Cable tool rigs are a traditional way of drilling water wells, these rigs raise and drop a drill string with a heavy carbide tipped drilling bit that chisels through the rock by finely pulverizing the subsurface materials. The drill string is comprised of the upper drill rods, a set of "jars" (inter-locking "sliders" that help transmit additional energy to the drill bit and assist in removing the bit if it is stuck) and the drill bit.
During the drilling process, the drill string is periodically removed from the borehole and a bailer is lowered to collect the drill cuttings (rock fragments, soil, etc.). The bailer is a bucket-like tool with a trapdoor in the base. If the borehole is dry, water is added so that the drill cuttings will flow into the bailer. When lifted, the bailer closes and the cuttings are then raised and removed. Since the drill string must be raised and lowered to advance the boring, casing (larger diameter outer piping) is typically used to hold back upper soil materials and stabilize the borehole.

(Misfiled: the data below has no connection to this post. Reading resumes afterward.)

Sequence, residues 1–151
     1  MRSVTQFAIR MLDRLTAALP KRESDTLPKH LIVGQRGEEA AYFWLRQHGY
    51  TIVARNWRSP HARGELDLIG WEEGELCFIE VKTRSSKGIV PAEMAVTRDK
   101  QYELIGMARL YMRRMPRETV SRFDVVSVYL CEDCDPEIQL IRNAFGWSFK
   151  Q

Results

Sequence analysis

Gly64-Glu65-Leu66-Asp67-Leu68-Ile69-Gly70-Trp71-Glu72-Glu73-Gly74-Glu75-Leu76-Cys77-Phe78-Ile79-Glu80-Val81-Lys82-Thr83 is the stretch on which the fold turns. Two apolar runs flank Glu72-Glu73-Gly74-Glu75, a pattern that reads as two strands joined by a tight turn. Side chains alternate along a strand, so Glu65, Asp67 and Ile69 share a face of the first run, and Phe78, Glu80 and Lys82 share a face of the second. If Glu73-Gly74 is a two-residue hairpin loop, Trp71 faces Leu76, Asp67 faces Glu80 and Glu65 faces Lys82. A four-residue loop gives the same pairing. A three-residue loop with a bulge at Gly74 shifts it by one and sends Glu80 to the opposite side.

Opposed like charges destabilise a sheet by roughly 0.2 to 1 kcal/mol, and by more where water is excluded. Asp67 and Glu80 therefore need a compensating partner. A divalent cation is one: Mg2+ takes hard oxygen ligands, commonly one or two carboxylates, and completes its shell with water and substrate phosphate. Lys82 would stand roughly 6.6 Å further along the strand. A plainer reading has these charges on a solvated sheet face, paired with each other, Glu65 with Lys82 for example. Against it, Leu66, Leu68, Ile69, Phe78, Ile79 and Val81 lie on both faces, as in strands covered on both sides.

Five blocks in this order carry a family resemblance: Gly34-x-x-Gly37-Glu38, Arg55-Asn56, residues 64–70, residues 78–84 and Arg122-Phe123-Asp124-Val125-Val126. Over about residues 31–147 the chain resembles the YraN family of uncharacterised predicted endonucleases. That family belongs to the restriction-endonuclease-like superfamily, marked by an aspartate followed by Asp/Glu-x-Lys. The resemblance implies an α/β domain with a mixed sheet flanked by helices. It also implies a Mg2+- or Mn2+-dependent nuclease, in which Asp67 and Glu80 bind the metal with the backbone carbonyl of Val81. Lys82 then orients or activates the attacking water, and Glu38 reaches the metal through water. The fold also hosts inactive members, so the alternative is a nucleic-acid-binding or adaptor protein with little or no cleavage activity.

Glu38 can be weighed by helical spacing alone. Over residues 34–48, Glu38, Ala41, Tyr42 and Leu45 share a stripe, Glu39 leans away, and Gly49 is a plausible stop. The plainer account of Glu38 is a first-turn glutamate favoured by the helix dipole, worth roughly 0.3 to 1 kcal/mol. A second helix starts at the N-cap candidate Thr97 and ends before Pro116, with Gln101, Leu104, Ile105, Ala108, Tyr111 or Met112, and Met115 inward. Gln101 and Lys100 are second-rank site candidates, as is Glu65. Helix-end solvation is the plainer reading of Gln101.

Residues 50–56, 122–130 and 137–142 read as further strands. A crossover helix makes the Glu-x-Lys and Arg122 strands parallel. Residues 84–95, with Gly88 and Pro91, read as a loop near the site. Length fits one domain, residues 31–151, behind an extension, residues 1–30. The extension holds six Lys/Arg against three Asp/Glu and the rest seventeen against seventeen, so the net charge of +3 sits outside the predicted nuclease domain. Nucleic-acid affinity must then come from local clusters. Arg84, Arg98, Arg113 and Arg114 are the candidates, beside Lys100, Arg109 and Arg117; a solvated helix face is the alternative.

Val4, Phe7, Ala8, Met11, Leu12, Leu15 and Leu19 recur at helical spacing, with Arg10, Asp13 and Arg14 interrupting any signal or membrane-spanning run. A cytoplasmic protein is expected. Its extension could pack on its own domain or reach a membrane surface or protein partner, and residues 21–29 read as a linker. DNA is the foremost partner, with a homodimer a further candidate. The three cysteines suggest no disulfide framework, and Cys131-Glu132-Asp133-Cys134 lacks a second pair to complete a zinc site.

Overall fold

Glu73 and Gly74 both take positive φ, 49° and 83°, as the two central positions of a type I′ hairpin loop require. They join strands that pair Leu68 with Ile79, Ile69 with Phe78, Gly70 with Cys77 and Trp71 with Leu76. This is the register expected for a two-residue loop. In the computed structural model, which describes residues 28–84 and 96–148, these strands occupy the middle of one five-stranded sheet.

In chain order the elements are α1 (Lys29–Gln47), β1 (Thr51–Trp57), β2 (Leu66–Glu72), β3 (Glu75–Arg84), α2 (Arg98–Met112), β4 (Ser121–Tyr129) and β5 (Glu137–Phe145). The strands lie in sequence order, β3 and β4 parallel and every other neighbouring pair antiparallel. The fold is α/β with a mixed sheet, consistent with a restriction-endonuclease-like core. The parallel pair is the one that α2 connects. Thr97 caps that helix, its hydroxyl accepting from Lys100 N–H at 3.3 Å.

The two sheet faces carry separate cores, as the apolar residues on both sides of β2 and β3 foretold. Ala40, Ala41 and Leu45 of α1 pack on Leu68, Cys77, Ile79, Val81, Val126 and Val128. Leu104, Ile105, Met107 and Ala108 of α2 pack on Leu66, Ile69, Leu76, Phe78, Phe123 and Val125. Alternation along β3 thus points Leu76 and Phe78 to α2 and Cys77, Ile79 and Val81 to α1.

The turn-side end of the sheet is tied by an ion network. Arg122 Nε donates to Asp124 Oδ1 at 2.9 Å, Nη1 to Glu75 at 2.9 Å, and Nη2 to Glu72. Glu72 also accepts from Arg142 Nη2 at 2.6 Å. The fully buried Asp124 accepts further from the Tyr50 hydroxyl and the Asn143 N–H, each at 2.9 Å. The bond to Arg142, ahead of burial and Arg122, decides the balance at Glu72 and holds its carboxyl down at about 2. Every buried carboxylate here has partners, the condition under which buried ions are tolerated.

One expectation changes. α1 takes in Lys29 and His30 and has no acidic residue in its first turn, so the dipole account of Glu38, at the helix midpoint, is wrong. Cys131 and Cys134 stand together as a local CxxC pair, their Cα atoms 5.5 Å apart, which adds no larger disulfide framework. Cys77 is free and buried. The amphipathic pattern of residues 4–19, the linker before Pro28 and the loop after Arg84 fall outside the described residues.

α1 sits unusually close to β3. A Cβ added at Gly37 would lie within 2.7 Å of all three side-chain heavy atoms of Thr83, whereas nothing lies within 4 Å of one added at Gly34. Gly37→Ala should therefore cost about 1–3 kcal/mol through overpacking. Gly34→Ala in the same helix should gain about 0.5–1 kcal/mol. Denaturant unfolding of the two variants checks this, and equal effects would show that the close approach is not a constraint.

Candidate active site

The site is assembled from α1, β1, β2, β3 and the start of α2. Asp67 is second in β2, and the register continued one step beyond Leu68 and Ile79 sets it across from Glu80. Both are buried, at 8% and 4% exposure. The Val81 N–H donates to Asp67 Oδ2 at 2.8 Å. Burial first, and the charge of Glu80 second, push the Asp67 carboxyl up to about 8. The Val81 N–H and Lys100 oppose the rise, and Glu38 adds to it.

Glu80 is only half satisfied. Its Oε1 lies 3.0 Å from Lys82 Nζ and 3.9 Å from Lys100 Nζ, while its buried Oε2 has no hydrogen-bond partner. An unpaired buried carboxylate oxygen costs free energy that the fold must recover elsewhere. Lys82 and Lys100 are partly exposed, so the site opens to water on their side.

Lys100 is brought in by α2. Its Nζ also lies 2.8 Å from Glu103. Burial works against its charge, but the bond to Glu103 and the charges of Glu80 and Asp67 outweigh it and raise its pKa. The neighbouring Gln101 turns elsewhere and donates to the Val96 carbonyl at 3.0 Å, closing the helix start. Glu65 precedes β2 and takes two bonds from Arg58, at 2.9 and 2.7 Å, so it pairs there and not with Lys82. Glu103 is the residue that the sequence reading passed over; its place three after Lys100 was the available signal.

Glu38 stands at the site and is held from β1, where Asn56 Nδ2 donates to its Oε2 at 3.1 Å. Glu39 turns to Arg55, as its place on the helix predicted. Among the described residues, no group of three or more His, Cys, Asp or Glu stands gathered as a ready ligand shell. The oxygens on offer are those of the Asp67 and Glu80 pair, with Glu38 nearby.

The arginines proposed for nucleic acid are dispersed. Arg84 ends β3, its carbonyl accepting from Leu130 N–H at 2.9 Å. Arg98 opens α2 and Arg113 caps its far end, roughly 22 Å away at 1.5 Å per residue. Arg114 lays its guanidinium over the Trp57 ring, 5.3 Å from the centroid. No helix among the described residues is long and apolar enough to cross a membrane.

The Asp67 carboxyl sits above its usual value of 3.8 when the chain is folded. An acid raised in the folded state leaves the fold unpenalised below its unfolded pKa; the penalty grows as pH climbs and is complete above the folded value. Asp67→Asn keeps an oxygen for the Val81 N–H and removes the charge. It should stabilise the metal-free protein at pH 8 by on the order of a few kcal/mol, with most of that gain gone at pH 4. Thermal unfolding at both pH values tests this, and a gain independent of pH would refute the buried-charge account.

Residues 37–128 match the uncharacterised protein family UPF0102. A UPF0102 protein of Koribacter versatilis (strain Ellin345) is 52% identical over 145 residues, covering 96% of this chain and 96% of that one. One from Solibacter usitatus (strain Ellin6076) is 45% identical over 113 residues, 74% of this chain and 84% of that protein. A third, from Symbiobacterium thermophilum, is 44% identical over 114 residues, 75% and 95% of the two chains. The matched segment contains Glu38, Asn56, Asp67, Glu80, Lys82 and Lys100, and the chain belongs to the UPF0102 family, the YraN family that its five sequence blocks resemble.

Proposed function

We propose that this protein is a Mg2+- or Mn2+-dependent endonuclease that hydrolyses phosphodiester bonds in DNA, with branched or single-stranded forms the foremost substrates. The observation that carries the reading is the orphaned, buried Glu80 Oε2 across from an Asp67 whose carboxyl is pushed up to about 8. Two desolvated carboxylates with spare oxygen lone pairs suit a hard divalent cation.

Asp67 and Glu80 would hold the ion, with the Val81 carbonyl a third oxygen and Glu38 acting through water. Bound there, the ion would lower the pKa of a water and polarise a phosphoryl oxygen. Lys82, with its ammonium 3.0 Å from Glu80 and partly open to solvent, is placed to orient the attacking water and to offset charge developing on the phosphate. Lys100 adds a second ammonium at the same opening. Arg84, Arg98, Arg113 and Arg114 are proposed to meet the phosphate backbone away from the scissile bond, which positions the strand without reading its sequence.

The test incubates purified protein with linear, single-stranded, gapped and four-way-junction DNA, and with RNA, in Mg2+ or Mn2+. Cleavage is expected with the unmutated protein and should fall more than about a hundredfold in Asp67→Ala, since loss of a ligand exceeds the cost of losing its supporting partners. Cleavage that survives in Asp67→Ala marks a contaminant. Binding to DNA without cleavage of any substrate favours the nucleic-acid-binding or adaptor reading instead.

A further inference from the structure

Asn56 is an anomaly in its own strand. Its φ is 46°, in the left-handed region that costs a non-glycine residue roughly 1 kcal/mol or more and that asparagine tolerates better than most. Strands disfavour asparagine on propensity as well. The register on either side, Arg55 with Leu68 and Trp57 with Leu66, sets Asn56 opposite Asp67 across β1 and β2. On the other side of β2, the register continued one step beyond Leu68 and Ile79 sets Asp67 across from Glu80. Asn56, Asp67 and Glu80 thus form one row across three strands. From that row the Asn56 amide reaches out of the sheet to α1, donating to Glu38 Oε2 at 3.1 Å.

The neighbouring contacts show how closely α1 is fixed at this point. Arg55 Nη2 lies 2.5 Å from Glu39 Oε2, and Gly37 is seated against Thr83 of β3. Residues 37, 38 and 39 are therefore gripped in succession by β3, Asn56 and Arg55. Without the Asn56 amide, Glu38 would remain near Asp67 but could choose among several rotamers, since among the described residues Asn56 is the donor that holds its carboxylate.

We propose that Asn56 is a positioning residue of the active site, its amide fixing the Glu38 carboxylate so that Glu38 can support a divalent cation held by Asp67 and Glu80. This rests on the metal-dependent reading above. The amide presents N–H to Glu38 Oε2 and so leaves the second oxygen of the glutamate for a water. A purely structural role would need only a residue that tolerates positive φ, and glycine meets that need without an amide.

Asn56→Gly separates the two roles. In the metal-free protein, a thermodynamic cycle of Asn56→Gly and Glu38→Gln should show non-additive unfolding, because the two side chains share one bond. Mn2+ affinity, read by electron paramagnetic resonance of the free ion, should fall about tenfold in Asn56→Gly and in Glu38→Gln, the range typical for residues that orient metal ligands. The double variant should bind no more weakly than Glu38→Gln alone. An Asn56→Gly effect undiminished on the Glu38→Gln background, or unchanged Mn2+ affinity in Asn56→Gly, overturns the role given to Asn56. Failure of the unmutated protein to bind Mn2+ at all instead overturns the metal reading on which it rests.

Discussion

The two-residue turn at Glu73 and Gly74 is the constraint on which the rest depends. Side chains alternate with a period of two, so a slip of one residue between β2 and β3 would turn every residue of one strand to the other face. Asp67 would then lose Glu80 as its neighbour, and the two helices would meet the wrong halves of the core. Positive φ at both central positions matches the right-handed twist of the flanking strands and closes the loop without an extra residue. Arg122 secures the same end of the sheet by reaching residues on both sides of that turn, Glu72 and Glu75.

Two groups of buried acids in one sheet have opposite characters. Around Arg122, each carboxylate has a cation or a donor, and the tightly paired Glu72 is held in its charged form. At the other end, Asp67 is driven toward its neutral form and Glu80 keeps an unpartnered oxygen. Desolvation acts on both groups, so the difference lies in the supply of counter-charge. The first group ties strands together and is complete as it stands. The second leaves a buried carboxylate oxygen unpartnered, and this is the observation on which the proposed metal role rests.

Cable tool rigs are simpler and cheaper than similarly sized rotary rigs, although loud and very slow to operate. Since cable tool drilling does not use air to eject the drilling chips like a rotary, instead using a cable strung bailer, technically there is no limitation on depth.